Tim buys a book. Tim accidentally summons a demon. Hilarity, carnage, ensue.
So yes, we were in Turkey1. We were also in Croatia, Slovenia, Italy and Prague. Being as we all hail from the land of Purple Mountain Majesty and Valley of the High-Fructose Corn Syrup, it’s a good bet that no one here knows where any of those places are. And honestly, who would care? The up country is Canada and that other one, the sturdy leg to Florida's gimpy leg, that’s the land of Drug Murder. No more geography, yeah?
But! I just called you ignorant. Admit it, you are!2 Before your feelings get too badly bruised, let me tell you that before I had fifteen hours of airplane time to acquaint myself with the guidebook, I didn’t know where any of these places were either. Seriously. I had no idea. That’s how prepared I am when we launch into one of these glob-trotting episodes.
Since wandering blindly into foreign lands is what I do, and since you don't know a single goddamned thing about all of this, let's get educated together.
Big. Covers what remains of the Ottoman Empire, which in turn covered much of what remained of Rome, which was actually a goodly chunk of what remained of the Greek Empire. It’s a Muslim country now, but Istanbul was Eastern Orthodox Christian until the middle 1400s (just a few decades before Columbus, Ocean Blue, et al.) These days Turkey wants to be part of the European Union but France gets all sniffy about headscarves which would make for uncomfortable Christmases. So far Europe has sort of left Turkey's application in the drawer.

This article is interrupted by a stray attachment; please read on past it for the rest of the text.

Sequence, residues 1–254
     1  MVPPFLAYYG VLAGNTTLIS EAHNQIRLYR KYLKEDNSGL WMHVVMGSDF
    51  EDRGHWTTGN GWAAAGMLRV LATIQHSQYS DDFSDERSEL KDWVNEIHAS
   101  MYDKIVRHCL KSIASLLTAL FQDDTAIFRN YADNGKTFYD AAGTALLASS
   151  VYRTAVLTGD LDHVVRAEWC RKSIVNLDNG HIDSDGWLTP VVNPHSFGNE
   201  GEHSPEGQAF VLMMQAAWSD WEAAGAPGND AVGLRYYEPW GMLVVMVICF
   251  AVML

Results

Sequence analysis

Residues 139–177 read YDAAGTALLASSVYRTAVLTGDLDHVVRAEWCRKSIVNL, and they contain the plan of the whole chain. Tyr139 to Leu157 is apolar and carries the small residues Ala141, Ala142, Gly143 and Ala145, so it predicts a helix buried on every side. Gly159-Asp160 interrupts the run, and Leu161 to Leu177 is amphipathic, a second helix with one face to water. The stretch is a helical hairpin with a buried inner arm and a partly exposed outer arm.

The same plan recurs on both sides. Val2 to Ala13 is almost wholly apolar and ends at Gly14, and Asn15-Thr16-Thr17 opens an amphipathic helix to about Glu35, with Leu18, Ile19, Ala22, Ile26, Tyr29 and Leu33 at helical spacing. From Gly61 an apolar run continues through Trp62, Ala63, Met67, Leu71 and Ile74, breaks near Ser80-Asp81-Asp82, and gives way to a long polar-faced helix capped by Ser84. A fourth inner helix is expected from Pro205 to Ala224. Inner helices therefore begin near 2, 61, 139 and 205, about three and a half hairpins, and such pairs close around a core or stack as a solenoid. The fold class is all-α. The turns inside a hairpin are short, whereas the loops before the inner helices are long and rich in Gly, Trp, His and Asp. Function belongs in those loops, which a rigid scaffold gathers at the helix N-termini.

It’s shaped like a boot. Can’t miss it.
Old enough to remember the Yugo car? A real piece of shit. This is where it came from. Also site of that-war-during-the-Clinton-administration-no-one-understood-but-at-least-it-didn’t-turn-into-an-eternal-clusterfuck-like-Iraq. Yugoslavia no longer exists. Relevant only here because…
used to be part of the Yugoslavian union. Once famous as a tourist resort, Croatia decided to remake itself as a war-torn, shell-pocked no-man's land. American troops were deployed here in an effort to stop the fighting.
Previous to the war not one single American knew Croatia existed.
To locate Croatia on a map, find the heel of Italy’s boot and then cross that skinny bit of water. You’re there. Note how close it really is to the heart of Western "Old Europe." Now you understand why a little genocide here received so much attention (not to mention money and ordinance) while a similar genocide in far-off Africa is lucky if someone in the West bothers to not give a damn.
Was also once part of Yugoslavia. Various conquerors and empires have taken it over, but it was never one of those places the Habsburgs really bragged about. Ernest Hemmingway--Slovenia's most famous son--drove an ambulance there during World War I. In the Yugoslavian collapse, while everyone else (Croatia included) indulged in some ethnic cleansing, Slovenia blocked off the roads and took a nap. Famous for painted beehive panels, which are available at every tourist shop.
isn’t a country. It also isn’t part of Czechoslovakia, because Czechoslovakia pulled a Yugoslavia broke apart. The resulting splinter nations--The Czech Republic and, cunningly, Slovakia--never did get into much of a war, never hosted American troops and thus, according to the Bosnia-Croatia Rule of Foreign Relevancy (also known as the Vietnam Theory), Prague shouldn't exist, or, at the very least, it should be invisible to Americans. Except--and this is a big except--Prague has really, really cheap beer. American backpackers too cool for London and too cheap for Paris include it in their pilgrim’s path. British stag parties also descend here in perfidious, drunken hordes, proving (reassuringly, I think) that Americans are nowhere near the world’s most obnoxious tourists. Actually, that honor would have to go to certain Aussies. Those who are drunk by breakfast.
Relevant lessons building on this lecture.